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New job - how to approach repayment?


allysons0222
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I recently divorced, which resulted in 2/3 of my income disappearing. I'm 6 months behind on credit card payments, and a few have now gone to collections. I recently got a new job which significantly increasd my income, so now I am in a place where I could definitely make more than the min. paymenton my cards. My debt-to-income is actually really low now that I have this new job, but unfortunately missing payments for the last 6 months has probably damaged my what 6 months prior was perfect credit.

My questions are are - if I can't get the cc companies to budge on the interest rate, would it be better to enroll in a DMP plan where maybe they could negotiate better?

Should I try to do a debt consolidaton loan with my bank?

My preliminary estimates are that I could have this paid off in 2 yrs v. 5+ if I just made min. Payments.

My other concern is how any of the above scenarios will affect my credit as I would like to be able to buy a home in a few years.

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First...most debt management plans (I call them "debt fixers") are scams.  Do it yourself.

 

Work out your own budget / payment plan.  Figure out how much total you can pay on your accounts (much more than minimum payments, I hope).  You've got two choices:  1.) Pay off the smallest balances first  2.) Pay off the highest interest rates first.  I favor option 2, but if your smallest balances can be done in two or three months, go that way.

 

As each account is paid off, close it.  You might want to keep two open...1 with a small credit limit for on line shopping...another with a large limit for emergencies...but...close any that charge a yearly fee.

 

Then...don't worry about the "lates"...they won't affect your FICO Mortgage scores.

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First off, take 2 - 4 weeks to assess the where you stand. on each account. If the account is salvageable then see what you can do. If the account is charged off and went to collections, the put it on the back burner because the damage is already done.

For any salvageable accounts, find out what it will take to make them current and do that first. Once you have done that, then save up some money and settle with the dead accounts later.

It would be great is all are salvageable but that may not the case.

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None of the accounts are showing up on my credit report as in collections, but the fact that I received 2 collections letters this month is not a good sign.  I guess I'm not sure what to do about arranging a payment plan if I'm already 6 months behind on payments.  I can certainly afford more than what the minimum amount due is, but if the account is with a collection agency, as soon as I sign up for a payment plan (vs. paying the balance in full), I'm assuming it will show up as a collection account on my credit report.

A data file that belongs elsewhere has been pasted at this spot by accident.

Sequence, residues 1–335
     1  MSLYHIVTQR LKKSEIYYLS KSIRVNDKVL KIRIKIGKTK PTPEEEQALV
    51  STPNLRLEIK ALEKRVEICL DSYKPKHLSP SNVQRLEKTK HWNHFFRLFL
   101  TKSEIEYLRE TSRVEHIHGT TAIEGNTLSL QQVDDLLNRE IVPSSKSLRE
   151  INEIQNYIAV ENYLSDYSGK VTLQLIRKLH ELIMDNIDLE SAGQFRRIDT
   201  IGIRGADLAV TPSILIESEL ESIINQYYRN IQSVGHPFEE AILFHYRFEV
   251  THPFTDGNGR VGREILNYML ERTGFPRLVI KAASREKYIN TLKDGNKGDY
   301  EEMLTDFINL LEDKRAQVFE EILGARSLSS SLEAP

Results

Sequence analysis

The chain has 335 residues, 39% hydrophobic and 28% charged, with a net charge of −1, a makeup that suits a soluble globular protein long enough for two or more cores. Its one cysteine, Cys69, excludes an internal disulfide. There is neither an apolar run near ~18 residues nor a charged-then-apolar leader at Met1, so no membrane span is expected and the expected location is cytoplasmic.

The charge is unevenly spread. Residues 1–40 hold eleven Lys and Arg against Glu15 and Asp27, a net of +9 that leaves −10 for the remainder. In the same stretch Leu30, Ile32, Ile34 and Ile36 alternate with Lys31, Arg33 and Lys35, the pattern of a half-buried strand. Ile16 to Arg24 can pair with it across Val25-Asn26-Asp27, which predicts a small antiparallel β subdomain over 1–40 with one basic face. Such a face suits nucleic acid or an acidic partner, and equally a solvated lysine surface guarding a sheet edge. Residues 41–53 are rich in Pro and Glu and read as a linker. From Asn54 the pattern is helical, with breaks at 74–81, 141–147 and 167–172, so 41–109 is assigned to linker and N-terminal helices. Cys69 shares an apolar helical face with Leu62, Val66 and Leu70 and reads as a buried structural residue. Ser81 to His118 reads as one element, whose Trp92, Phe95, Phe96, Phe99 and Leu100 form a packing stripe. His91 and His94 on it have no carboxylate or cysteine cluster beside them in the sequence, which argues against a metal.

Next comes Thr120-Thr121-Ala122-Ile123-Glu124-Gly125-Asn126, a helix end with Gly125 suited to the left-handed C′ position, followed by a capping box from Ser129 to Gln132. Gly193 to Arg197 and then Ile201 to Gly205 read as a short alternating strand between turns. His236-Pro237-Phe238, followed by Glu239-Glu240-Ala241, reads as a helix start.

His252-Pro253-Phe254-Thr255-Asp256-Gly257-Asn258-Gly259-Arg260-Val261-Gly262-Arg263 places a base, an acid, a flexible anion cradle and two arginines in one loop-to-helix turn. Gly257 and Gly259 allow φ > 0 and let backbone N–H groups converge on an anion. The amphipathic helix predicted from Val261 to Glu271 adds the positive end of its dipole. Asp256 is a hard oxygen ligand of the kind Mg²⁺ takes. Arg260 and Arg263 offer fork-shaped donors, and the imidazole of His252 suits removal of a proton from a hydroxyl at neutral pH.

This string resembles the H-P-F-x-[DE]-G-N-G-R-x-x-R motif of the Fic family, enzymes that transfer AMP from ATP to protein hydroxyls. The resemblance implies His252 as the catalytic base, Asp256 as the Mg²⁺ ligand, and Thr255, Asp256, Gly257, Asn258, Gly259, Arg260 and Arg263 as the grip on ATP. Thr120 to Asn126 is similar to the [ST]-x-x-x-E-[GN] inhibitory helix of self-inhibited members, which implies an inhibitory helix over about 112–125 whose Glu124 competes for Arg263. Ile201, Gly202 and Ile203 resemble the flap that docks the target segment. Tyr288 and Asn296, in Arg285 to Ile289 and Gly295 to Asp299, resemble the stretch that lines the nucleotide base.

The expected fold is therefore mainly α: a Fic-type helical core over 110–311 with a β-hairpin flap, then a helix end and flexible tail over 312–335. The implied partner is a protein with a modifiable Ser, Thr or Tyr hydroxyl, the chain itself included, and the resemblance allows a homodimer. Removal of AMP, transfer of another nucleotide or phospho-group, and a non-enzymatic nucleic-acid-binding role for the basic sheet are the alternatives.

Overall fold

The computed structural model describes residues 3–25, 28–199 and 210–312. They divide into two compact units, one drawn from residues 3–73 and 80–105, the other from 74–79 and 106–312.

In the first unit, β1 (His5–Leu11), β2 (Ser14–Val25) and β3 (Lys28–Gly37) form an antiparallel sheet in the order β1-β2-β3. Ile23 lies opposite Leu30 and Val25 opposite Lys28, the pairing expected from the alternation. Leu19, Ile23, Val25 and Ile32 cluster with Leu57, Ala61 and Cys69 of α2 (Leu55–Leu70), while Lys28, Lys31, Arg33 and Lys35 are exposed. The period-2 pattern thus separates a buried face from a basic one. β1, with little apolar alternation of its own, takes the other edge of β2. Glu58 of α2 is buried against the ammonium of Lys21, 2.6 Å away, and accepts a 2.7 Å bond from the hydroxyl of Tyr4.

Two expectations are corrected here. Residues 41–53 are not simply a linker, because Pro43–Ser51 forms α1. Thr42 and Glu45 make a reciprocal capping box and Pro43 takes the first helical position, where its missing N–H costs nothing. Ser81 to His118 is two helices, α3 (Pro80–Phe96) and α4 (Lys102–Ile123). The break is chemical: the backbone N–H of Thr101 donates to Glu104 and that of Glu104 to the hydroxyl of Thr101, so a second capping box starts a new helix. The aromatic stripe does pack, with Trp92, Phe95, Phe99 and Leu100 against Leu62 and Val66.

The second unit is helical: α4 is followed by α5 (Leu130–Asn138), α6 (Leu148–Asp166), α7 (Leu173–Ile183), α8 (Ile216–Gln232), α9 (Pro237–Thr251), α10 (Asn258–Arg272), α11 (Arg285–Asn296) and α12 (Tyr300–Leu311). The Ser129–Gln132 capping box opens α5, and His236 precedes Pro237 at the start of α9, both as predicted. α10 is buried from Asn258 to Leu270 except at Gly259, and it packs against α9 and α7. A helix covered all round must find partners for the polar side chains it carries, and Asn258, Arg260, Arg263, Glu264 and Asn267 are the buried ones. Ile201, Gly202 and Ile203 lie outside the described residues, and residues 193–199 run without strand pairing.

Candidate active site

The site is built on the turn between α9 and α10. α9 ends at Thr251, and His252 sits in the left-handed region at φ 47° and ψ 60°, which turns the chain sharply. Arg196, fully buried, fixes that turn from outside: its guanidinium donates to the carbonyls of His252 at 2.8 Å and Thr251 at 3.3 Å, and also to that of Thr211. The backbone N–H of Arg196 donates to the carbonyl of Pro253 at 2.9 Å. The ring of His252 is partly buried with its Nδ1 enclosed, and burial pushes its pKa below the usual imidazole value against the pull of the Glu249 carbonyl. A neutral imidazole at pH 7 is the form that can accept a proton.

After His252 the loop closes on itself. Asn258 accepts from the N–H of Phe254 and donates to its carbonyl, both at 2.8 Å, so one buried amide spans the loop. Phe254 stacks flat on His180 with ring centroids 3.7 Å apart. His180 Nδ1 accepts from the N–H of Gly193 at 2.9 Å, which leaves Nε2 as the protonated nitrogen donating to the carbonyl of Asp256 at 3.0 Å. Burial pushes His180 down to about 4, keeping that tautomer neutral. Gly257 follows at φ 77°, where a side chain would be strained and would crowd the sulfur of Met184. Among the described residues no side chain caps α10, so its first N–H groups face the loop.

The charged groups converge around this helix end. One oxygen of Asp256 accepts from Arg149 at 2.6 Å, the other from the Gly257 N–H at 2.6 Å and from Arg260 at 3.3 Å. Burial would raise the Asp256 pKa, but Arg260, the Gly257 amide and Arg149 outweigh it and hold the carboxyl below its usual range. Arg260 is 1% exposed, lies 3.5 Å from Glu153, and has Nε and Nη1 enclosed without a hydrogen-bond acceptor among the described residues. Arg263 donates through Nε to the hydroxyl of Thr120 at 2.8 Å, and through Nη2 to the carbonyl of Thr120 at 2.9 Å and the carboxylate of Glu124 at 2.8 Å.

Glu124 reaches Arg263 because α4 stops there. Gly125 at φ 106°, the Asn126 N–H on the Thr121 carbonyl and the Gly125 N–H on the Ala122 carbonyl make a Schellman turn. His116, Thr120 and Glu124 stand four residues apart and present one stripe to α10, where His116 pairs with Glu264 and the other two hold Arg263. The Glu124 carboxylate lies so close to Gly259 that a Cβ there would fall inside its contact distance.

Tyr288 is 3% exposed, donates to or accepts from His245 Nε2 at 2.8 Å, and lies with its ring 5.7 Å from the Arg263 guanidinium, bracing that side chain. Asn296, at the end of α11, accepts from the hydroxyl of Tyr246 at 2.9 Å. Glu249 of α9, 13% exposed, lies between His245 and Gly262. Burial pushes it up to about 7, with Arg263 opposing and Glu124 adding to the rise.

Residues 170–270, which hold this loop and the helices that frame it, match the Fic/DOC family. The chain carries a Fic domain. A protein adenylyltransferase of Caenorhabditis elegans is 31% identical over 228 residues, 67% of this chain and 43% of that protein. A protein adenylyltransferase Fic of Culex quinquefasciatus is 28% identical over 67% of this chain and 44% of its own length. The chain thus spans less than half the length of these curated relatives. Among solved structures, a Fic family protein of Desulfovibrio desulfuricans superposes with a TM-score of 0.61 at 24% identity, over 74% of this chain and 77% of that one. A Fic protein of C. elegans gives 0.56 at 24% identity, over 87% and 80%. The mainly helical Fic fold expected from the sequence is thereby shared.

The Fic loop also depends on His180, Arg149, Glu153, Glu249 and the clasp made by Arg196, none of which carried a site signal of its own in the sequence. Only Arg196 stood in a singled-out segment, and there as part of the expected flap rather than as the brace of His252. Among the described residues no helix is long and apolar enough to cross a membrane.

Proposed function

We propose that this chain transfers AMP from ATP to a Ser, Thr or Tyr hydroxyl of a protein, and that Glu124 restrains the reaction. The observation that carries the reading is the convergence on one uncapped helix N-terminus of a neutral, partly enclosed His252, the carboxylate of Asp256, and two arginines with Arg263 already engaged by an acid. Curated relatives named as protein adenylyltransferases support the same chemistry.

I will be able to pay off/close out some of the smaller accounts once I get my tax refund, but the other high balance accounts will take me a year + to pay off.  

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I wouldn't deal with the CA, only the original creditor. 

Look on your credit report for each account and make sure it hasn't been sold.  If not, I would assess how much of your income you can afford to pay total. 

Then break that down by what the min. payments are on each account.  Pay the min. on each account, except the lowest one, or the highest interest account, and put everything extra every month toward that account, while making the min. payments on all the accounts. 

 

When the lowest one is paid off, then do the same for the next to the lowest, and so on.  It will usually keep you from being sued even if your still behind on the accounts, while paying them off.  If they (the original creditor only) call you while doing this plan, you tell them, look, I am putting all that I can toward the account right now, and will continue to do so.  If my income changes, I will increase the amount of what I am able to pay.  Don't let them sucker you into paying more on any one account, the idea is to pay them all off, and doing it this way is going to be the fastest way to achieve that. 

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I spent the better half of my day calling credit card companies and setting up payment arrangements.  I guess I could consider myself lucky because out of the 5 cards, only 1 had been charged off but the rest had not - they were set to be charged off by 1/31 if I hadn't had made a payment. Unfortunately for the account that was charged off, I had no luck trying to get the orignial creditor to pull back the account, but that was to be expected.

 

I should be able to be caught up on all of my late payments by the end of next month and then continue to make regular payments after that.  I had excellent credit for 10 years and then this 6-month 'hiccup' really put a damper on things.  Hopefully the fact that I'm making every effort to get caught up quickly and also the fact that my debt-to-income is actually pretty low (thank to the new job) won't completely ruin my chances of qualifying for a mortgage in the future.

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